Friday, February 4, 2011

Movie with Abe: The Other Woman

The Other Woman
Directed by Don Roos
Released February 4, 2011

Though it was filmed several years ago, “The Other Woman” marks Natalie Portman’s third film to be released in three months. This makes an interesting comparison piece after her Oscar-nominated turn as a paranoid, overworked ballerina in “Black Swan” and her lighter comic portrayal of a workaholic medical student determined not to have a committed relationship in “No Strings Attached.” Now she’s playing an entry-level paralegal that ends up married to her boss after an extensive affair with the married man, conveyed via informative flashbacks to fill in the holes in the present-day story of Emilia’s struggle to fit in with her new husband and his young son.

It’s hard to find a truly sympathetic character in “The Other Woman.” Emilia (Portman) is cold in demeanor, rarely boasts a smile, and quickly become impatient with those around her. Her husband’s first wife, Carolyne (Lisa Kudrow) is outright cruel and icy in her interactions with everyone, not just Emilia. Emilia’s husband Jack (Scott Cohen) is a kind-hearted, supportive father, but he’s also an unfaithful husband who became involved with Emilia while he was still married to Carolyne. And then there’s Jack’s son William (Charlie Tahan), who seems to do his best to antagonize Emilia, though it’s important to remember that he’s only a child, and a child of divorce at that.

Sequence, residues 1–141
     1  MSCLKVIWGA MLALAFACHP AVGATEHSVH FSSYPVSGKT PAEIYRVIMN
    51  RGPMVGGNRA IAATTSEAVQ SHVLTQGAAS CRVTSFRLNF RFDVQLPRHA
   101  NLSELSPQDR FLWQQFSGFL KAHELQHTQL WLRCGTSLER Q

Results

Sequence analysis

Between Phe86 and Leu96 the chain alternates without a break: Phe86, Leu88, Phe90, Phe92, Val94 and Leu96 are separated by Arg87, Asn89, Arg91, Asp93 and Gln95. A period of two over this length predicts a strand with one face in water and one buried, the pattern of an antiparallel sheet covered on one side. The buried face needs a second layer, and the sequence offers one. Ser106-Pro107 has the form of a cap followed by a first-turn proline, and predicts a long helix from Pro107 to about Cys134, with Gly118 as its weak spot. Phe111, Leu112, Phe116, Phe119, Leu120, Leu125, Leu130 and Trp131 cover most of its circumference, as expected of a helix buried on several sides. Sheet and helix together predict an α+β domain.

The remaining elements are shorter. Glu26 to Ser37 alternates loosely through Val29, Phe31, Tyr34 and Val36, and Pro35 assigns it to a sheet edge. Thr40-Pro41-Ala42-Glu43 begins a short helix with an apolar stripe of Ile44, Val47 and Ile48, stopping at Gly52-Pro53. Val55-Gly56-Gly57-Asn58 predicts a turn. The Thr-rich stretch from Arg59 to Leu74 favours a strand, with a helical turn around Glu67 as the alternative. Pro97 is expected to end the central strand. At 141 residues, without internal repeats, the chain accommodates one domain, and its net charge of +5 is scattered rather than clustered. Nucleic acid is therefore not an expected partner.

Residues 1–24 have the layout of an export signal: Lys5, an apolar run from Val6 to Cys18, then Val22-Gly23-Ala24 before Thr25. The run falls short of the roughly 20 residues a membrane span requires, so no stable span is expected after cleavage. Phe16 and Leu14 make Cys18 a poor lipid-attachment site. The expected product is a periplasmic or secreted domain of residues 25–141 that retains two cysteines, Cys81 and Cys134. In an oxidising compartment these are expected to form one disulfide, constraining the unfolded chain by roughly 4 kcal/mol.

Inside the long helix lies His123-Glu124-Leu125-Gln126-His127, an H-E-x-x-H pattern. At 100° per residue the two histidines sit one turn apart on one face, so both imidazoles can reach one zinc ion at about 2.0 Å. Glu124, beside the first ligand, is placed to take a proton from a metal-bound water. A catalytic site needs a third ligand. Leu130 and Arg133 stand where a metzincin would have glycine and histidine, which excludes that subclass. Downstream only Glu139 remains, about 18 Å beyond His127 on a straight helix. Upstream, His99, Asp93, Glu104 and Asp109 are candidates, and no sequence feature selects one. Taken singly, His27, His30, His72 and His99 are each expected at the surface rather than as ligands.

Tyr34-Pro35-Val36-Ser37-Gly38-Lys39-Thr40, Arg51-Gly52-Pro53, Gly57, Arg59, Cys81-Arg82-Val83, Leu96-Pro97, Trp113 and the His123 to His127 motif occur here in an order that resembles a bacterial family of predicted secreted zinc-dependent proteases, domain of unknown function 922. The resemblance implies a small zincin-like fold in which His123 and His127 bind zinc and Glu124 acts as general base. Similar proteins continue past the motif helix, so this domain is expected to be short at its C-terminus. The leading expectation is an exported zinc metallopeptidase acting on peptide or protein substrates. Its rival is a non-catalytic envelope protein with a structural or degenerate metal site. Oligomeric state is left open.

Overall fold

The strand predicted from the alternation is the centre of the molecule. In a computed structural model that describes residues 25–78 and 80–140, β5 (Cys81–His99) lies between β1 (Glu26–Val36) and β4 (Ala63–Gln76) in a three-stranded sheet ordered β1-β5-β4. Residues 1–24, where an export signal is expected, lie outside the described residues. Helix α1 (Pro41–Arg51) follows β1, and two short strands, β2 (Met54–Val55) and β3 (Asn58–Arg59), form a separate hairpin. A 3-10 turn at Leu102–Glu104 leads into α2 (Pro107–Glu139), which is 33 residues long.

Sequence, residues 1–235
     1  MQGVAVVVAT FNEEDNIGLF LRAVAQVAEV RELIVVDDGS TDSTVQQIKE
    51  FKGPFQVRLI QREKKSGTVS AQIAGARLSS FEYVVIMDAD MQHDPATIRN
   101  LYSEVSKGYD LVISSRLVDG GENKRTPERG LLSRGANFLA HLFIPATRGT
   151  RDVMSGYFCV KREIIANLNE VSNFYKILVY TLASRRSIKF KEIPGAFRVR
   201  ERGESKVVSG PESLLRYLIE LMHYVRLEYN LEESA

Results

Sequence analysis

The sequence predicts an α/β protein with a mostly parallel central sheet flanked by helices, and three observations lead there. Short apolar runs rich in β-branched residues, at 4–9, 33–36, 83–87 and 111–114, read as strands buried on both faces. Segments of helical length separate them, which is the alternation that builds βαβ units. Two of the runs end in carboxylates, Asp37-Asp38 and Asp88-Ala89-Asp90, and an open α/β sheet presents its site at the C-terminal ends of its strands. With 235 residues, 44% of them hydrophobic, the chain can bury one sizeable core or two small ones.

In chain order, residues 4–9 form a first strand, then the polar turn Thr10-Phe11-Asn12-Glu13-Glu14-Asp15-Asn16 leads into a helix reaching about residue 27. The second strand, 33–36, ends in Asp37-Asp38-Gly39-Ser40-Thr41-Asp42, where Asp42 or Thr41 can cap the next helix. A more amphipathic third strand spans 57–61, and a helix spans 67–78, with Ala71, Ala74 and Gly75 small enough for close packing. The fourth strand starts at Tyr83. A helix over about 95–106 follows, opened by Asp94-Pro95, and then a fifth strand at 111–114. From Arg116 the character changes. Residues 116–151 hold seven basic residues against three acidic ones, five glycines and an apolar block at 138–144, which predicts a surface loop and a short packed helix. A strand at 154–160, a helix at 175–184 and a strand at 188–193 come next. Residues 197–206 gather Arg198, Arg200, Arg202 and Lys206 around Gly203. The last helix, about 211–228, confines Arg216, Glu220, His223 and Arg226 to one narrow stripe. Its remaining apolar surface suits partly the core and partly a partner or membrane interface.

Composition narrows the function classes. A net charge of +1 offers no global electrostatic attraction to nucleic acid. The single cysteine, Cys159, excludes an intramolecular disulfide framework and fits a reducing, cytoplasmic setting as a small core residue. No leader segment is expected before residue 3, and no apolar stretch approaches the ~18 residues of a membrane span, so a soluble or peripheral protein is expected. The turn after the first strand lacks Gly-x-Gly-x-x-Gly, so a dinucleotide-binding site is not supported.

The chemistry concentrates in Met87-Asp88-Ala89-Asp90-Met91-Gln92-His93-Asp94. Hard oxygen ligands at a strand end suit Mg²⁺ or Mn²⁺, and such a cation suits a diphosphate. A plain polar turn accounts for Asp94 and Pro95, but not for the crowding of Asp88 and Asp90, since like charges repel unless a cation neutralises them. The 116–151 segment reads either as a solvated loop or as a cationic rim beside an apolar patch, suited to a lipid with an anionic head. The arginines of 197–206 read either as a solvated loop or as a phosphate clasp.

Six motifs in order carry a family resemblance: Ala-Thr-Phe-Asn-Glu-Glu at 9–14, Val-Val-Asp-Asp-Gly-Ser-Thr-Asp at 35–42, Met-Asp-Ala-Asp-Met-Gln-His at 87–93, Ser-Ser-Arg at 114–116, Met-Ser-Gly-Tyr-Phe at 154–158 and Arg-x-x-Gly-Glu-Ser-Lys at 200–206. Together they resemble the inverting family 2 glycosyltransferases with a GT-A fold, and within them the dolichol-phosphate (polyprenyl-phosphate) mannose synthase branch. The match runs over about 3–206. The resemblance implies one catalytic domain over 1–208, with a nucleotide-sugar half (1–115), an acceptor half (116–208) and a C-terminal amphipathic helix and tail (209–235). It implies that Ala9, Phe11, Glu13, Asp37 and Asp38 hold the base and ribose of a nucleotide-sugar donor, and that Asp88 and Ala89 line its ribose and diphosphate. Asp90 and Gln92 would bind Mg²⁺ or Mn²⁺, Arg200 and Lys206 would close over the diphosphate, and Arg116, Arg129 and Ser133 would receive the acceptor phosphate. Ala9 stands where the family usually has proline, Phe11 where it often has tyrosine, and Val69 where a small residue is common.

Having no sympathetic characters isn’t a damning factor for a film, but there needs to be something to make up for that represented in some other element or elements of the film. This feels very much like a film that can’t quite realize the fullness of its potential, working off of an intriguing premise that just doesn’t lend itself to an equally interesting story. Part of the film’s central plot, involving the premature death of Emilia’s baby, feels forced and overly drawn out to make it into something that it’s not. The dialogue feels particularly out of sync with the characters, as if the actors are reading right off a rough draft script and haven’t yet had a chance to prepare their lines or polish their performances. It lends a great air of inauthenticity to a film that never really takes time to develop its characters, fascinating as they could well be. Anyone searching for a moral or cautionary tale in the film will be left wanting, and there isn’t much else for those without an active interest in taking something home from the film with them.


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